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LA must pursue laws safeguarding firearms rights

Even as a special session generally devoted to fiscal matters – more specifically excuses to raise taxes – looms, the Louisiana Legislature’s regular session approaches and presents the state a chance to follow the lead of other states this year in safeguarding Second Amendment rights and the additional public safety benefits that come from that.

Some states, in light of the occasional but all too regular occurrences of shootings on college campuses, will review legislation this year to allow concealed weapons carried on school property by qualified registrants, not just by public safety personnel. Prior to 2012, Louisiana legislators typically filed similar but unsuccessful bills, yet that seemed to dry up with a new set of lawmakers.

The case to enact a law like this remains as compelling as it has in the past. At the theoretical level, human psychology and, at the empirical level, data continue to bear out that if those who intend to bring harm against others see the chances increased that they could face firearms in opposition, the less likely they become to use deadly force. Poorly-reasoned inferior analysis trying to assert the opposite fails to pass muster.

In an attempt to keep higher education institutions’ ability to impose a ban, some administrators now additionally argue that the higher chances of students’ desire for suicide and of firearm use by those engaging in binge drinking at colleges would create more carnage. Yet these say more about colleges’ failings to provide services to address mental illness and to educate young adults to abjure alcohol abuse than provide any justification to curtail Second Amendment rights and to elevate risks of shootings, and represents treating the symptoms rather than the disease.

Along with this reform, Louisiana also should pass a law to protect the gun industry from inappropriate discrimination in access to business services, particularly from the insurance industry. Anecdotal evidence continues to mount that some insurers in blanket fashion refuse to insure establishments that manufacture or sell guns and/or ammunition while welcoming all other businesses under commercial policies. This appears to derive from the Pres. Barack Obama Administration’s move a few years ago to allow financial institutions greater latitude to discriminate in doing business with alleged “high risk” industries, lumping in firearms firms.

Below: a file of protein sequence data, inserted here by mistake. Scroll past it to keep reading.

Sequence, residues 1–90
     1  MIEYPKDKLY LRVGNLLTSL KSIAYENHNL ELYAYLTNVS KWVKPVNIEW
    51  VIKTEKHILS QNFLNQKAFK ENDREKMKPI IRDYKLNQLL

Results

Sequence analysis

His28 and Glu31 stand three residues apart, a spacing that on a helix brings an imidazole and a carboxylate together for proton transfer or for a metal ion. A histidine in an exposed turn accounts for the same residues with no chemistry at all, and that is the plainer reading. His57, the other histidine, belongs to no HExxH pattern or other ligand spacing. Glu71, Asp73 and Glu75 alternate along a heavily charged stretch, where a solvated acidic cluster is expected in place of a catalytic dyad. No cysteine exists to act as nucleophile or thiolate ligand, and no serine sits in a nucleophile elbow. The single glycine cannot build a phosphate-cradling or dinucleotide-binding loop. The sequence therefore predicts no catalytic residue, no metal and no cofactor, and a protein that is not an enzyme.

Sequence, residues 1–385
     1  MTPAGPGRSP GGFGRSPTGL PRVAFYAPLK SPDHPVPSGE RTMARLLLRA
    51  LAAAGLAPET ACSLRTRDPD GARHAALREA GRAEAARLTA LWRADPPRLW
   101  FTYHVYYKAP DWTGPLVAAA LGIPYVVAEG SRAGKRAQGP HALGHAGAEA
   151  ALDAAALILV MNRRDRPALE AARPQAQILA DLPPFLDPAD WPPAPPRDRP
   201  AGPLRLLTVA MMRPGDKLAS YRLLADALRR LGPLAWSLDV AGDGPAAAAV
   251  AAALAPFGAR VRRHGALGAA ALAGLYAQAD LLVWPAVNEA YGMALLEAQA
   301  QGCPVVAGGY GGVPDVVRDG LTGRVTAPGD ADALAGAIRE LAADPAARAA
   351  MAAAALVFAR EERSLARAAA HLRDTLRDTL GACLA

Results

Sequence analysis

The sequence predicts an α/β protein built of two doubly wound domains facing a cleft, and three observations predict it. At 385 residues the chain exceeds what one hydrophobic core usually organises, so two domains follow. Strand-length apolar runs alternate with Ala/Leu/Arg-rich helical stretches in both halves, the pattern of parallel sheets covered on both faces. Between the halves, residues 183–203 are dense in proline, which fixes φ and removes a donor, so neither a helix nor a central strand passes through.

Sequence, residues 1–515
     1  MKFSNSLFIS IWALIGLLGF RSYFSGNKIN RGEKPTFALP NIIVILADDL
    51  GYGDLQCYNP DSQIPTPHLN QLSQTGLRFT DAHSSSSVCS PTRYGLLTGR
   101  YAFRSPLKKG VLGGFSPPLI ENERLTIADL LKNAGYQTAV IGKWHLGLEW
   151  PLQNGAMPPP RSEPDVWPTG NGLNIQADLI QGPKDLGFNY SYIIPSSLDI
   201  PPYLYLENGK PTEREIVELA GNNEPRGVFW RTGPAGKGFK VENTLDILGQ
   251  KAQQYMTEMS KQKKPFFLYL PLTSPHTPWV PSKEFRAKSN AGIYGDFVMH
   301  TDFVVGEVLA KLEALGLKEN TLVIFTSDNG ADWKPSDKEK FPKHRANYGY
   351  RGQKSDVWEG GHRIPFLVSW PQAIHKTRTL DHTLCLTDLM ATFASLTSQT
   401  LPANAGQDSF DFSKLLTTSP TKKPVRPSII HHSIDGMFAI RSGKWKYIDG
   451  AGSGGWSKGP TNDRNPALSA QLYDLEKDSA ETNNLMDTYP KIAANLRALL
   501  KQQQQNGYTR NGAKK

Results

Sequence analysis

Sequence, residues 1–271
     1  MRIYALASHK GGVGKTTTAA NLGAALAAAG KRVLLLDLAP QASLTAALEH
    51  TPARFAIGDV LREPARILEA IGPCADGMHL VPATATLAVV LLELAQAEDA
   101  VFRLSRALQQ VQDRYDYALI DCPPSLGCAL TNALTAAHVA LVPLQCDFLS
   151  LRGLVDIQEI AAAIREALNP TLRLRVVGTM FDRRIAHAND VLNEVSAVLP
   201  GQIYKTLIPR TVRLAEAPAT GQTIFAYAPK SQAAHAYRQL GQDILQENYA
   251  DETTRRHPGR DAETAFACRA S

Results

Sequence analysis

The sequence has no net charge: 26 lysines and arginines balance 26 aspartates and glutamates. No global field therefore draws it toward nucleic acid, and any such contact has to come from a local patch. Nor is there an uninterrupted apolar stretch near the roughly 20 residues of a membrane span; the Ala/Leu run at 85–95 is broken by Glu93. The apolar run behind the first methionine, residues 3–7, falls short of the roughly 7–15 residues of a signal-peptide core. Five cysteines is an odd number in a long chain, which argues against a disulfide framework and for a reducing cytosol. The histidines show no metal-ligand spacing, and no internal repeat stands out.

This appears to have trickled down in insurer guidelines that prices in risk arbitrarily, even though the program supposedly ended. Legislation would prevent pricing or refusal to insure based more on prejudice against the industry than actual evaluable conditions of particular individual businesses.

If insurers can decide on the basis of politics to set higher rates or not to write insurance at all concerning the gun industry as a whole, ignoring the usual underwriting standards, this would lead to higher insurance prices for these firms, which they would pass along to consumers and ultimately would discourage purchases. In turn, this reduces public safety, for the reasons noted above, as well as limits citizens’ protection against potentially tyrannical government. As such, for the good of the public states must pass laws to ensure that political fad and prejudice does not inhibit the gun industry from getting a fair shake from insurers. These laws would not force insurers to write policies to the gun industry, but just guarantee fair treatment.

On this account and with concealed carry at colleges, Louisiana in its upcoming regular legislative session should seek to emulate these other states’ efforts.

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